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Johnson v. Aucoin

United States District Court, D. Colorado

February 20, 2019



          N. Reid Neureiter United States Magistrate Judge

         This case is before the Court pursuant to an Order (Dkt. #22) issued by Judge R. Brooke Jackson referring Defendant Sergeant Aucoin's Motion to Dismiss. (Dkt. #21.) The Court has carefully considered the motion and Plaintiff Calvin Johnson's Response.[1] (Dkt. #24.) On December 12, 2018, the Court heard argument on the subject motion. (Dkt. #37.) The Court has taken judicial notice of the Court's file, considered the applicable Federal Rules of Civil Procedure and case law, and makes the following recommendation.

         I. Background

         The following allegations are taken from the relevant, non-dismissed portions of Mr. Johnson's Amended Prisoner Complaint. (Dkt. #8.) Mr. Johnson, who is proceeding pro se, [2] is a prisoner in the custody of the Colorado Department of Corrections (“CDOC”) at the Sterling Correctional Facility (“SCF”) in Sterling, Colorado. Mr. Johnson asserts a single, individual capacity claim against Sergeant Aucoin, a correctional officer at SCF. Mr. Johnson alleges that Sergeant Aucoin violated his Eighth Amendment rights by subjecting him to excessive force “by introducing weaponized-gas into my cell on 12-26-2017 when I was without a weapon and alone against multiple officers and also for introducing weaponized-gas a second time while I was layed [sic] out on the floor unconscious.” (Dkt. #8 at 8.)

         Sergeant Aucoin has filed a motion to dismiss (Dkt. #21) in which he makes the following arguments: (1) Mr. Johnson's claim is barred by Heck v. Humphrey, 512 U.S. 477 (1994); (2) Sergeant Aucoin is entitled to qualified immunity because Mr. Johnson's amended complaint fails to state an Eighth Amendment excessive force violation, and because Mr. Johnson fails to allege a violation of clearly established law; (3) Mr. Johnson is not entitled to damages under the Prison Litigation Reform Act (PLRA); and (4) Mr. Johnson's claim for injunctive relief fails. After setting forth the applicable legal standard, I will address each of these arguments in turn.

         II. Standard

         Federal Rule of Civil Procedure 12(b)(6) permits the Court to dismiss claims for “failure to state a claim upon which relief can be granted.” The purpose of a motion to dismiss pursuant to Rule 12(b)(6) is to test “the sufficiency of the allegations within the four corners of the complaint after taking those allegations as true.” Mobley v. McCormick, 40 F.3d 337, 340 (10th Cir. 1994). “The court's function on a Rule 12(b)(6) motion is not to weigh potential evidence that the parties might present at trial, but to assess whether the plaintiff's complaint alone is legally sufficient to state a claim for which relief may be granted.” Sutton v. Utah State Sch. for the Deaf & Blind, 173 F.3d 1226, 1236 (10th Cir. 1999) (citation omitted).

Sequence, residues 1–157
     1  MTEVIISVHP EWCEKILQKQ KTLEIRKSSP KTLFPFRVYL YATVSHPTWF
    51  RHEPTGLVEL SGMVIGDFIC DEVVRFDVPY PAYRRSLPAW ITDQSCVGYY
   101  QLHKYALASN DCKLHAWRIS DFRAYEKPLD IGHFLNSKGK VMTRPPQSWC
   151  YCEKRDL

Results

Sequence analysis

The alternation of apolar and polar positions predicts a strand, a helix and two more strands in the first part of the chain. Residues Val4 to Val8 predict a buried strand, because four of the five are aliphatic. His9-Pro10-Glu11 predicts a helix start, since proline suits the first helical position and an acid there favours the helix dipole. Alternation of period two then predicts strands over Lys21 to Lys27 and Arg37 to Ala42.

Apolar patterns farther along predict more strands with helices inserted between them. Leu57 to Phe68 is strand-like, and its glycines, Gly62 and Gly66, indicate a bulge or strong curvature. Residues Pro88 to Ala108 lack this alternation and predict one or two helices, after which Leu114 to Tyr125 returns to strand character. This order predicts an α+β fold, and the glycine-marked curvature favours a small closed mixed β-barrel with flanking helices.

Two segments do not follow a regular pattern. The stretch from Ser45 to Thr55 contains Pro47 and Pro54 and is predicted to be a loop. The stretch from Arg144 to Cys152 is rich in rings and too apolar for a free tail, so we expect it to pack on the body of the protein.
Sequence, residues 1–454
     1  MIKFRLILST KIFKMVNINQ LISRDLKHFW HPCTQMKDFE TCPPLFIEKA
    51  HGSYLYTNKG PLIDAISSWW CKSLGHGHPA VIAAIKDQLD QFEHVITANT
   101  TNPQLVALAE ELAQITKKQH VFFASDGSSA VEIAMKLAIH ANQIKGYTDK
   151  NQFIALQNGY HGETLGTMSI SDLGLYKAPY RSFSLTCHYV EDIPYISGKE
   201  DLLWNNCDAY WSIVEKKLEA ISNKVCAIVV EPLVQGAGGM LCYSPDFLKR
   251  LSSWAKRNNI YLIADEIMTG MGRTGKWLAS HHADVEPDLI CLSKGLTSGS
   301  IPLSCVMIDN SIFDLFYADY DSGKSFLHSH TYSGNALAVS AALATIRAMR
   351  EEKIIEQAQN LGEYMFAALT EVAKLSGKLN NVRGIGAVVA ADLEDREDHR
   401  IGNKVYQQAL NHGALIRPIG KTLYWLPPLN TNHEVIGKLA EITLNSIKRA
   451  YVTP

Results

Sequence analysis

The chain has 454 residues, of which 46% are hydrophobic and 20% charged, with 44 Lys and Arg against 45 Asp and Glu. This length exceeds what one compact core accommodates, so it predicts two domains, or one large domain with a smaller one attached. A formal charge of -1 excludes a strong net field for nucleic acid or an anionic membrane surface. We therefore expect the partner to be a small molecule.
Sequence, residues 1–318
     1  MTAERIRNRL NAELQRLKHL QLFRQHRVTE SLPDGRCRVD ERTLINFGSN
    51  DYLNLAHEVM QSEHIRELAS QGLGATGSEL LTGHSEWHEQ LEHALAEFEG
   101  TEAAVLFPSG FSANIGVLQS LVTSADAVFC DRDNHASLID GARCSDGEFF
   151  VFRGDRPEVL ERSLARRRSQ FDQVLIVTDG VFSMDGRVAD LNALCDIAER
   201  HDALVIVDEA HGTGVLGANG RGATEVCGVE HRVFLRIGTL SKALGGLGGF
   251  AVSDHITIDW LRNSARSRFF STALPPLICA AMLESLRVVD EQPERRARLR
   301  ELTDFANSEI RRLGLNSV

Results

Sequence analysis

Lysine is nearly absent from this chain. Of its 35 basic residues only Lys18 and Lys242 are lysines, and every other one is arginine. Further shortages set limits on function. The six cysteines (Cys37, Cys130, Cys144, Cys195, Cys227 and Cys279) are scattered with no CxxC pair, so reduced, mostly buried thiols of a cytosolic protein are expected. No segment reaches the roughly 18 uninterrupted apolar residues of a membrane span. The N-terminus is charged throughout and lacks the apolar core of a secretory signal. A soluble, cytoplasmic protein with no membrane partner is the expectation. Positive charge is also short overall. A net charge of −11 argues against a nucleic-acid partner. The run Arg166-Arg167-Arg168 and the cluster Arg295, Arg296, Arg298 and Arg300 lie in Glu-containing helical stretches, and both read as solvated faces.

“A court reviewing the sufficiency of a complaint presumes all of plaintiff's factual allegations are true and construes them in the light most favorable to the plaintiff.” Hall, 935 F.2d at 1109. To survive a motion to dismiss pursuant to Rule 12(b)(6), “a complaint must contain enough allegations of fact to state a claim for relief that is plausible on its face.” Robbins v. Oklahoma, 519 F.3d 1242, 1247 (10th Cir. 2008) (quoting Bell Atlantic Corp. v. Twombly, 550 U.S. 544, 570 (2007)); see also Shero v. City of Grove, Okla., 510 F.3d 1196, 1200 (10th Cir. 2007) (“The complaint must plead sufficient facts, taken as true, to provide ‘plausible grounds' that discovery will reveal evidence to support the plaintiff's allegations.” (quoting Twombly, 550 U.S. at 570)).

         Plausibility, in the context of a motion to dismiss, means the plaintiff pleaded facts which allow “the court to draw the reasonable inference that the defendant is liable for the misconduct alleged.” Ashcroft v. Iqbal, 556 U.S. 662, 678 (2009). “Asking for plausible grounds, ” however, “does not impose a probability requirement at the pleading stage; it simply calls for enough fact to raise a reasonable expectation that discovery will reveal evidence” to support the asserted claim. Twombly, 550 U.S. at 556. But as the Twombly court clarified, “of course, a well-pleaded complaint may proceed even if it strikes a savvy judge that actual proof of these facts is improbable, and that a recovery is very remote and unlikely.” Id. (internal quotation and citation omitted).